The rabbis, in Masechet Berachot, the first tractate of the Talmud, ask an astonishing question. “Amar Rav Hamnunah: Kama Hilchita Gav’r’vata icha limishma meihanai kra’ay d’Chana? How many important laws – how much of the Halacha about prayer – can be learned from these verses about Hannah?” And they go on to answer: that when one prays, one must direct one’s heart to God, that one who prays must pronounce the words with one’s lips, that it is forbidden to raise one’s voice too loud during prayer, that a drunkard is not permitted to pray, and on and on and on.

This is an amazing development! They learn all this about prayer… from a woman?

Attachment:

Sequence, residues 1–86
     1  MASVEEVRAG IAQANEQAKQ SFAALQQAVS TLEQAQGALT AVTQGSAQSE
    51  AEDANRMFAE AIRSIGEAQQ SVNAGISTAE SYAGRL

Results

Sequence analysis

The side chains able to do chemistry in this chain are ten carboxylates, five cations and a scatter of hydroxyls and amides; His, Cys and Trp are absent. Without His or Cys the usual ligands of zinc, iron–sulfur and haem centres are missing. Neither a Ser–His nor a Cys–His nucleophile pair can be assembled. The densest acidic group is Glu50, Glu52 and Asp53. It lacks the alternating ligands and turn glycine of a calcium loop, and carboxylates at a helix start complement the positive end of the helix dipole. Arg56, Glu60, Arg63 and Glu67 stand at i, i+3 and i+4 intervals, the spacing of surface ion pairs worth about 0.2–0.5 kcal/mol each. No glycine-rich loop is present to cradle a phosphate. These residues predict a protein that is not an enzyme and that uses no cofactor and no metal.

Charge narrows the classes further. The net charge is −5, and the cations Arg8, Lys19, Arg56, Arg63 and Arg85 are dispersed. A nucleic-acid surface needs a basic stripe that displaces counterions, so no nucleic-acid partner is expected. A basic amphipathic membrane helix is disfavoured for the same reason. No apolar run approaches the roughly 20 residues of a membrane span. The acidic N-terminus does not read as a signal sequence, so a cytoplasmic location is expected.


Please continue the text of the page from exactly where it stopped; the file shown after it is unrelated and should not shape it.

Tova Hartman, David Hartman’s daughter and the woman whose lesson about Hannah forms the inspiration for my teaching later this morning, says that there is a lot of discussion, even in feminist literature, about what to do with a woman who appears an exception to a rule. Is she to be appropriated? Coopted? Brought in to the system, only to be silenced?

And, here, the dilemma is clear: regarding prayer after the churban, after the destruction of the Temple, are the rabbis presenting this woman as an example, or an exception?

Why do I focus on the rabbis here? This Biblical story is but one among many, and its meaning is largely lost in time, perhaps. But it was the rabbis that took it out of the anthology that was before them, and chose to place it before us in this setting, on this day. What, then, are they trying to say about prayer, and desire, and fulfillment, and independence, with this story?

(Based on Tova Hartman’s presentation on July 2, 2013)